The FIA has published a 14-page document detailing the findings of the World Motor Sport Council (WMSC) in respect of McLaren.

The document has Max Mosley’s name at its conclusion, which suggests that he has personally overseen every word of it.

The document outlines the new evidence that led to the recent reconvening of the WMSC to discuss the ‘spying’ saga. As previously revealed, much of it revolves around contact between Mike Coughlan, McLaren test driver Pedro de la Rosa, and Fernando Alonso.

Copies of e-mails from de la Rosa are reproduced, including messages where he asked Coughlan about Ferrari’s weight distribution. In another, he tells Alonso of information that came direct from Nigel Stepney, including mention of Stepney telling Coughlan on what lap Kimi Raikkonen would stop in the Australian GP.

There is also a discussion of a gas that Ferrari used to inflate its tyres to reduce the internal temperature and blistering. Although in the FIA document the details have been censored, this is believed to have been nitrogen.

As well as Coughlan’s contacts with de la Rosa, the WMSC heard more details about the degree of contact between Coughlan and Stepney, thanks to information provided by the Italian police.

It is claimed “at least 288 SMS [text] messages and 35 telephone calls appear to have passed between Coughlan and Stepney between March 11, 2007 and July 3, 2007”.

De la Rosa claims he did not discuss the information he gleaned with anyone else within McLaren.However, the WMSC seemingly does not believe him and its conclusions appear to be based largely on the supposition that he must have talked to others. The same goes for Coughlan, and the WMSC clearly believes that he was aided in doing his duties for McLaren by information he had gleaned from Stepney.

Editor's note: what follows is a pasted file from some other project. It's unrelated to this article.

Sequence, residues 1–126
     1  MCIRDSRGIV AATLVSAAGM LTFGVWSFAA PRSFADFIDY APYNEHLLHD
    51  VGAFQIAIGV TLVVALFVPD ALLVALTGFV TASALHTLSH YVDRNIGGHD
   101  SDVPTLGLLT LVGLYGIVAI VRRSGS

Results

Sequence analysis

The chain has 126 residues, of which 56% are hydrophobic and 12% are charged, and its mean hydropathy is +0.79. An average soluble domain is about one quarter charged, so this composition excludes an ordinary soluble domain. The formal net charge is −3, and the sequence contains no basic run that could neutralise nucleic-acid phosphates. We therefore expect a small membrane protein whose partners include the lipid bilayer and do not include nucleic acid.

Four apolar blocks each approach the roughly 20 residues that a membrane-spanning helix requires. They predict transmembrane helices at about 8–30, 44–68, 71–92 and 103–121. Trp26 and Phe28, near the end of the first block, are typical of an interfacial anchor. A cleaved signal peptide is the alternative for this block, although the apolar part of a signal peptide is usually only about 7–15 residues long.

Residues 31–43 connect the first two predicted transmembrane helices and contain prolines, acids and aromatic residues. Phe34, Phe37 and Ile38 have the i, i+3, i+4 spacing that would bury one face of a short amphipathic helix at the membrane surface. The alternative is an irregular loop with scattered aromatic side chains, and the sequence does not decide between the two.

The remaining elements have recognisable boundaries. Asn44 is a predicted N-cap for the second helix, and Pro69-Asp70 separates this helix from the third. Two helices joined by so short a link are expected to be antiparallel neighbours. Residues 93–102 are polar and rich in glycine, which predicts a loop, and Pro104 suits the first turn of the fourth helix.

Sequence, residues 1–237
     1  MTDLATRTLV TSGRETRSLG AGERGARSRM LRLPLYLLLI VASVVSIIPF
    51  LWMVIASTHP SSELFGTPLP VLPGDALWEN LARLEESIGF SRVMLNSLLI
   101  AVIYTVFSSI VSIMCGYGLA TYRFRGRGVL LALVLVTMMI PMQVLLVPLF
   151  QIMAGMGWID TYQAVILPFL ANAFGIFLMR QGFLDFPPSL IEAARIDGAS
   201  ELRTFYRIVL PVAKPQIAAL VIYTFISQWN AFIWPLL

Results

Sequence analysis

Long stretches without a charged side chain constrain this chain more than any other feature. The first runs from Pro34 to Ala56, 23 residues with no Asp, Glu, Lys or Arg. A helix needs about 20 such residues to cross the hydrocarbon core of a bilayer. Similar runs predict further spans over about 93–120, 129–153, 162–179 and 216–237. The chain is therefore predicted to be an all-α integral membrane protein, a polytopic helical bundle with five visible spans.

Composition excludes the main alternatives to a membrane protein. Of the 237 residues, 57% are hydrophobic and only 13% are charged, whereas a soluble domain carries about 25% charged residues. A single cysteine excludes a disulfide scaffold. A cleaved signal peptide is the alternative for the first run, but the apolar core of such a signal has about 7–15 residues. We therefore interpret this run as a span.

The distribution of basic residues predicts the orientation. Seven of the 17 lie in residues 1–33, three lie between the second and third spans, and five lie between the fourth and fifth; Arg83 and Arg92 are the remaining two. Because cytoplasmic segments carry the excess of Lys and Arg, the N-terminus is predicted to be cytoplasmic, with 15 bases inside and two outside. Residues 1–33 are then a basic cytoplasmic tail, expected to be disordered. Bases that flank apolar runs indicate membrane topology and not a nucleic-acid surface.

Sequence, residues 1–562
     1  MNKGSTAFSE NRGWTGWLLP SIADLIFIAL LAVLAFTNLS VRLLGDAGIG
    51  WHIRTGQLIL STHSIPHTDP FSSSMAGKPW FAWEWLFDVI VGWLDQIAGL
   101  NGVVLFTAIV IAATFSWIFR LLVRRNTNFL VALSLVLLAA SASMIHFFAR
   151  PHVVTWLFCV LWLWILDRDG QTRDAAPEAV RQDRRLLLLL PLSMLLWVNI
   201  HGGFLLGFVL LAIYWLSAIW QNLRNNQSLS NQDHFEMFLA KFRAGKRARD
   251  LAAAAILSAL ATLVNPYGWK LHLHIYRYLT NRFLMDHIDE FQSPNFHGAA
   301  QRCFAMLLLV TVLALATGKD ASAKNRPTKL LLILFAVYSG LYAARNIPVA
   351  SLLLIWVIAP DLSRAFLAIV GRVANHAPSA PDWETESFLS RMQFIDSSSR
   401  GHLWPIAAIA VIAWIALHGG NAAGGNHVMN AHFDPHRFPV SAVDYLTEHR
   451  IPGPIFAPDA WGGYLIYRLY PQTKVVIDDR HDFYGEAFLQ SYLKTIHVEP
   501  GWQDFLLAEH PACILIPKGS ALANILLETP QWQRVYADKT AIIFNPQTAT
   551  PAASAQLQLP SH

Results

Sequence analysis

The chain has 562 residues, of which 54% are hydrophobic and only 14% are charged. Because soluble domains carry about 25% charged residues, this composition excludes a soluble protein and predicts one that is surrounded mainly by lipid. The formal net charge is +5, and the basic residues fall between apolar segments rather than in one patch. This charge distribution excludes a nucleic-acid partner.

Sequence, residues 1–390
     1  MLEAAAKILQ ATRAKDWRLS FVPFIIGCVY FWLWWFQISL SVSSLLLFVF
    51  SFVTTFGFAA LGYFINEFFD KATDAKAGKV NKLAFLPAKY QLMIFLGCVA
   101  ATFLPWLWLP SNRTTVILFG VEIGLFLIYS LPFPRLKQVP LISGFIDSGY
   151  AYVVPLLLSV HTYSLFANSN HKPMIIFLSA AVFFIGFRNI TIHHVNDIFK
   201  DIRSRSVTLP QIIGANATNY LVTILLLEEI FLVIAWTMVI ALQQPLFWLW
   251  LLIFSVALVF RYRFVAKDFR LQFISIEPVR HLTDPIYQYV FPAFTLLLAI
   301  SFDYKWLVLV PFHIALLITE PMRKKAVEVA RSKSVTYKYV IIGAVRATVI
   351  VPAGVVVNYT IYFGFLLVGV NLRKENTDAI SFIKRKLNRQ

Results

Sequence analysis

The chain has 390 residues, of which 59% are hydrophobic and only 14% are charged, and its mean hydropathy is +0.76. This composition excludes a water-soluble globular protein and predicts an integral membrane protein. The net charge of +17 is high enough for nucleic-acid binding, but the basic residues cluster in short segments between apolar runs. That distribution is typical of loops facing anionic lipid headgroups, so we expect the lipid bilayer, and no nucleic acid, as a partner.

• Read Nigel Roebuck, p34

Key conclusions include the following:

* Coughlan had more information than previously appreciated, and was receiving it systematically for months.

* The information has been disseminated, at least to some degree, within McLaren (eg, to de la Rosa and Alonso).

* The information being disseminated within the McLaren team included not only highly sensitive technical information but also secret information regarding Ferrari’s race strategy.

* De la Rosa, in the performance of his functions at McLaren, requested and received secret Ferrari information from a source he knew to be illegitimate and expressly stated his purpose was to test it in the simulator.

* The secret information in question was shared with Alonso.

* There was a clear intention by several McLaren personnel to use some of the Ferrari confidential material in its own testing. If this was not, in fact, carried into effect it was only because there were technical reasons not to do so.

* Coughlan’s role within McLaren (as now understood by the WMSC) meant his knowledge of the secret Ferrari information would have influenced him in the performance of his duties.

McLaren argued there was no evidence of Ferrari intellectual property featuring on its car. However, the WMSC said ‘neither the finding of a breach nor the imposition of a penalty require evidence of McLaren having directly incorporated Ferrari technology’. The WMSC concluded “some degree of sporting advantage was obtained, though it may forever be impossible to quantify that advantage in concrete terms”.

Related articles

Related products